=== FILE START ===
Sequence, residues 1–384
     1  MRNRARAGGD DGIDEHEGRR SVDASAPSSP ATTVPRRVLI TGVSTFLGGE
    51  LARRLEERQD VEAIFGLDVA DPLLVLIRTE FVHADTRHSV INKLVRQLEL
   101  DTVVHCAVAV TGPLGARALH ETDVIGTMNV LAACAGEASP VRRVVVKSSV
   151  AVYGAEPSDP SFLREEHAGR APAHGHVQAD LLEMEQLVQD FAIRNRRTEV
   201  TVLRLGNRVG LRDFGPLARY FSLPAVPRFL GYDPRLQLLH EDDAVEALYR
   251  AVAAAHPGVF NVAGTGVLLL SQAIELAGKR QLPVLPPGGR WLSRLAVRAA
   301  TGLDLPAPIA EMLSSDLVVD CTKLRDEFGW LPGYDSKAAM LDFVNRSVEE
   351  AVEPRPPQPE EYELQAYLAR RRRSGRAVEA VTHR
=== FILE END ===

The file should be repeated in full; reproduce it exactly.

Sequence, residues 1–384
     1  MRNRARAGGD DGIDEHEGRR SVDASAPSSP ATTVPRRVLI TGVSTFLGGE
    51  LARRLEERQD VEAIFGLDVA DPLLVLIRTE FVHADTRHSV INKLVRQLEL
   101  DTVVHCAVAV TGPLGARALH ETDVIGTMNV LAACAGEASP VRRVVVKSSV
   151  AVYGAEPSDP SFLREEHAGR APAHGHVQAD LLEMEQLVQD FAIRNRRTEV
   201  TVLRLGNRVG LRDFGPLARY FSLPAVPRFL GYDPRLQLLH EDDAVEALYR
   251  AVAAAHPGVF NVAGTGVLLL SQAIELAGKR QLPVLPPGGR WLSRLAVRAA
   301  TGLDLPAPIA EMLSSDLVVD CTKLRDEFGW LPGYDSKAAM LDFVNRSVEE
   351  AVEPRPPQPE EYELQAYLAR RRRSGRAVEA VTHR